Bashman, who seldom editorializes, finds very curious how SCOTUSblog tries to reconcile its claim, on the one hand, to be “an impartial, journalistic entity that seeks to provide readers with objective information about the Supreme Court and its cases” with the reality, on the other, that (in SCOTUSblog’s own words) its publisher, Tom Goldstein, and his law partners “regularly appear before the Court, and his firm provides essential financial support for the blog.”
A lengthy excerpt from Bashman:
[T]he blog’s “Petitions to Watch” feature strikes me as particularly problematic insofar as it treats every case in which that blog’s sponsoring law firm is publicly involved as worthy of inclusion, while every other law firm only gets its cases mentioned on that list if the head of the sponsoring law firm of “SCOTUSblog” deems the case worthy of mention. Deciding what cases to list as “Petitions to Watch” seems like an inquiry that is rife with potential conflicts. The most obvious solution is to omit mention of any case in which the blog’s sponsoring law firm is publicly involved. The fact that hasn’t happened yet shows that even automatic inclusion on the list has value, thereby demonstrating the existence of the very conflict at issue.
Another unavoidable issue arises from the fact that Amy Howe — a wonderful person who I admire tremendously — is the wife of “SCOTUSblog” publisher Tom Goldstein, who heads the blog’s sponsoring law firm. Here at “How Appealing,” I do not purport to cover my wife’s work objectively. Yet at “SCOTUSblog,” whenever Amy Howe has a post that reports on the work of that blog’s sponsoring law firm, the following sort of “Disclosure” appears:
[Disclosure: Goldstein & Russell, P.C., whose attorneys contribute to this blog in various capacities, is among the counsel to [the parties in a particular U.S. Supreme Court case], but I am not affiliated with the firm.]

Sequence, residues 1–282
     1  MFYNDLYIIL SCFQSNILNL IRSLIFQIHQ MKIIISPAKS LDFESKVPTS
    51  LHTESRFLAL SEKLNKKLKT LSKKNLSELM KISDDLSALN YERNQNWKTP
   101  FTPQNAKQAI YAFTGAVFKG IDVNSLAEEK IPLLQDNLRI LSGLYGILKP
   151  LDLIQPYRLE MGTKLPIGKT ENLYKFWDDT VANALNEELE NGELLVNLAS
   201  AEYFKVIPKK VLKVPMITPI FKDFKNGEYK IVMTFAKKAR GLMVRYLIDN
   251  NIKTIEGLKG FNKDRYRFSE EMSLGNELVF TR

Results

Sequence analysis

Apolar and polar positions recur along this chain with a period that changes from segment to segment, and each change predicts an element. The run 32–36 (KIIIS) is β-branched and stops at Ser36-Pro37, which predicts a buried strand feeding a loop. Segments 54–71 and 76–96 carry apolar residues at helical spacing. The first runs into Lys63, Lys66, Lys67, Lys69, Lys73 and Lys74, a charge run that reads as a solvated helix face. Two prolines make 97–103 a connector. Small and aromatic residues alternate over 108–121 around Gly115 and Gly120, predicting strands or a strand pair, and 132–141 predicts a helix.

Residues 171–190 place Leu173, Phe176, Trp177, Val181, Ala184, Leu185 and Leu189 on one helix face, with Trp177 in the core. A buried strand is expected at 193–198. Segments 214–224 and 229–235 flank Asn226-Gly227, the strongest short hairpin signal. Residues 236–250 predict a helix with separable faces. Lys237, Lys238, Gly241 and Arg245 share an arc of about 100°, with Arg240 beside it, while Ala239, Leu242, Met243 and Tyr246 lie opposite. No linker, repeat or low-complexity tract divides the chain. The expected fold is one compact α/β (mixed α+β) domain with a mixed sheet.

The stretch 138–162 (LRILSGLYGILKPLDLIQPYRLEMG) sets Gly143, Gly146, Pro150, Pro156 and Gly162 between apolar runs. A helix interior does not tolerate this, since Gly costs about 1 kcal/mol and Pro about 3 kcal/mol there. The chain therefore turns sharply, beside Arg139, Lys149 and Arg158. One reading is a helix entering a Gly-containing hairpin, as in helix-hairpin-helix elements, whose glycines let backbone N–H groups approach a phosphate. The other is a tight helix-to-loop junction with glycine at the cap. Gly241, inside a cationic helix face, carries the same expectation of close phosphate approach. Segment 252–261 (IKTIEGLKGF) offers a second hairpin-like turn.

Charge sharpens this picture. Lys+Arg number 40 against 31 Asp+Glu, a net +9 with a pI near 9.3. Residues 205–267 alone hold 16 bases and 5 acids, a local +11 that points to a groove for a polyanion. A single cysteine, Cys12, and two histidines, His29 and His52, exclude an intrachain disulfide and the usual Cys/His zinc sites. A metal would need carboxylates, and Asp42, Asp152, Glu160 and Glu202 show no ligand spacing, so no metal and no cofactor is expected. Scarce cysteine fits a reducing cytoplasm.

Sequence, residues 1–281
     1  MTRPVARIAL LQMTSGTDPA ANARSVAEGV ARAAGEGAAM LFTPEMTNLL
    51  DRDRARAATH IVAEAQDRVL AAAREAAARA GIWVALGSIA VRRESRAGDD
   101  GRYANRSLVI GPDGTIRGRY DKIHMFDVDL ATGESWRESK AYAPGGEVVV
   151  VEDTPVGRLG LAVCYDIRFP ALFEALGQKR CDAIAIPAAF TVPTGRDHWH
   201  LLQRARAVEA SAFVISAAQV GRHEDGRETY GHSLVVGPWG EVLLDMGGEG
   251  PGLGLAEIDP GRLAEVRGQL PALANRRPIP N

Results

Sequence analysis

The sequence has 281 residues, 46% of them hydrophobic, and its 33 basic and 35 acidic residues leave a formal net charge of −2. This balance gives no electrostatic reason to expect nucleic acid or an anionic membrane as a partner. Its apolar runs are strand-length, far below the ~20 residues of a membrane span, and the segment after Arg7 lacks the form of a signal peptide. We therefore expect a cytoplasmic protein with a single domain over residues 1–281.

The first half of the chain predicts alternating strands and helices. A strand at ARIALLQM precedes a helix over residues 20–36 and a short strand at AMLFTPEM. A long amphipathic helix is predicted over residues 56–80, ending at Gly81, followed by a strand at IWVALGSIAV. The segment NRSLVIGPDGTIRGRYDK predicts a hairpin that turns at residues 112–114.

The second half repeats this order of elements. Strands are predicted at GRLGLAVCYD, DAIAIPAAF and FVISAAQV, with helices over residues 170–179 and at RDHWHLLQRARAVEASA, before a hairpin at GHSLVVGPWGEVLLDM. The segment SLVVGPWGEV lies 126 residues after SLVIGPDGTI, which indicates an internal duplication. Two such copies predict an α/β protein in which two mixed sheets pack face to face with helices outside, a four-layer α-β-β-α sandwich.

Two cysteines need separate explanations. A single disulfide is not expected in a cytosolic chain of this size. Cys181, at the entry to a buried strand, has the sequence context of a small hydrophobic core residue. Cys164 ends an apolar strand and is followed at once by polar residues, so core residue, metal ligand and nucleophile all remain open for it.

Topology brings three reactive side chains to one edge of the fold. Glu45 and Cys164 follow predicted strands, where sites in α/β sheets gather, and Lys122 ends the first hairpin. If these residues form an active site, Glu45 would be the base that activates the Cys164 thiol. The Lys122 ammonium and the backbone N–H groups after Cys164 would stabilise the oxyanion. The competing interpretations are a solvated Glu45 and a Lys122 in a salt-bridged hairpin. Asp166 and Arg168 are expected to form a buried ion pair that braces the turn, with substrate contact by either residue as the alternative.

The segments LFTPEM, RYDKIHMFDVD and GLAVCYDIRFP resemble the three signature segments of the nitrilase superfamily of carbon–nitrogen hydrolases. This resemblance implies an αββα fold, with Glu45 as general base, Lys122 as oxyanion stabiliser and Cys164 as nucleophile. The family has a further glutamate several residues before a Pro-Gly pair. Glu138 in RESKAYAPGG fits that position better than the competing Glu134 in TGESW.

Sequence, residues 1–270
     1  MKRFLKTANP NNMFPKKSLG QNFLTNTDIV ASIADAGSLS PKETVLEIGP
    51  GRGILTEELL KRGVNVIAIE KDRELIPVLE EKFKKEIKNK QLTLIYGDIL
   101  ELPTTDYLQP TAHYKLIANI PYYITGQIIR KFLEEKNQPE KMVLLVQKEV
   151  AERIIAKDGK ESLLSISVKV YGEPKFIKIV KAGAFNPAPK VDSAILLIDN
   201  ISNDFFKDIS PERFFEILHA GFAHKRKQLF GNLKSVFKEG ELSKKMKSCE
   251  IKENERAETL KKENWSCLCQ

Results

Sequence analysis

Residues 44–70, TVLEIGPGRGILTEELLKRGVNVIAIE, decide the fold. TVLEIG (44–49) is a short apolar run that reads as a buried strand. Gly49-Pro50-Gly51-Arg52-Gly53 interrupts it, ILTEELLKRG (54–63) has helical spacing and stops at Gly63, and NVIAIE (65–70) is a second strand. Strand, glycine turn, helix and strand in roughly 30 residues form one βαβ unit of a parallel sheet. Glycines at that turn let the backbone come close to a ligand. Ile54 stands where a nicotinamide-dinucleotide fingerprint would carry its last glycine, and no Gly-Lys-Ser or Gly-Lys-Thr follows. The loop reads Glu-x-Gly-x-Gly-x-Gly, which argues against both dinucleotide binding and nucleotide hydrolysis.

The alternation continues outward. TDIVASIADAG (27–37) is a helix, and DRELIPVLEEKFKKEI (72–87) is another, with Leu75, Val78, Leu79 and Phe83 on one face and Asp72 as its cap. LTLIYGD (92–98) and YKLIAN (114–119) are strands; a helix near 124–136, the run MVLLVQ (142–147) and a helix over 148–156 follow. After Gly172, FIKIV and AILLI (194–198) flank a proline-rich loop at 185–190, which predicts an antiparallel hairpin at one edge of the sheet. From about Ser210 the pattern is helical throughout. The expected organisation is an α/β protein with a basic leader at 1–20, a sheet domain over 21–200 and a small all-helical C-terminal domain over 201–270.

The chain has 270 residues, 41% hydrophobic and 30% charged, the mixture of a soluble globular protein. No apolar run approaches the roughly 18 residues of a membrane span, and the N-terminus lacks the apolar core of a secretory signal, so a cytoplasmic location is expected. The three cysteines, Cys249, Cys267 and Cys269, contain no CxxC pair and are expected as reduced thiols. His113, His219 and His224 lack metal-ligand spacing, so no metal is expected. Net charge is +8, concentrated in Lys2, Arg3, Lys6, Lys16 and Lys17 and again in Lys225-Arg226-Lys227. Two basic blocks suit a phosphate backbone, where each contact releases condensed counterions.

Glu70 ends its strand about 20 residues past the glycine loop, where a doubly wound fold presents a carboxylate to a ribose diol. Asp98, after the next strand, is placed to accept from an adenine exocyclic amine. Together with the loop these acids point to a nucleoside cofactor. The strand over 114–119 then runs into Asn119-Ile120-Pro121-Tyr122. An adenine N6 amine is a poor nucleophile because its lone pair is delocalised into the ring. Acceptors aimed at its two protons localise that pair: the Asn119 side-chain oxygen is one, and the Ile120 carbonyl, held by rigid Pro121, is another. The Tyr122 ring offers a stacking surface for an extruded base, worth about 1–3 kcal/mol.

Now I don’t dispute the disclosure insofar as what it actually says, but it leaves plenty unsaid. Because “SCOTUSblog” is not self-sustaining, its sponsoring law firm makes the financial contributions that allow the blog to continue to exist. Moreover, the revenues of that sponsoring law firm allow Ms. Howe’s husband to earn a living, which contributes to having a home, putting food on the table, someday sending the kids to college, etc. Regardless of whether she can be objective or not, repeatedly claiming to be objective concerning the coverage of her husband’s work simply because she is “not affiliated with” that law firm seems a bit much.…
Of course, perhaps the most insightful observation appears in the final sentence of the third paragraph of the “Just the facts, ma’am” post that “SCOTUSblog” published yesterday. That sentence states that “coverage suggesting that the [sponsoring law] firm is likely to lose may raise the hackles of the firm’s clients in the case.” If the clients of the law firm that sponsors “SCOTUSblog” — surely a sophisticated group — don’t regard “SCOTUSblog” as a journalistic entity independent from the influence of its sponsoring law firm, notwithstanding all efforts to the contrary, then why should any of the rest of us?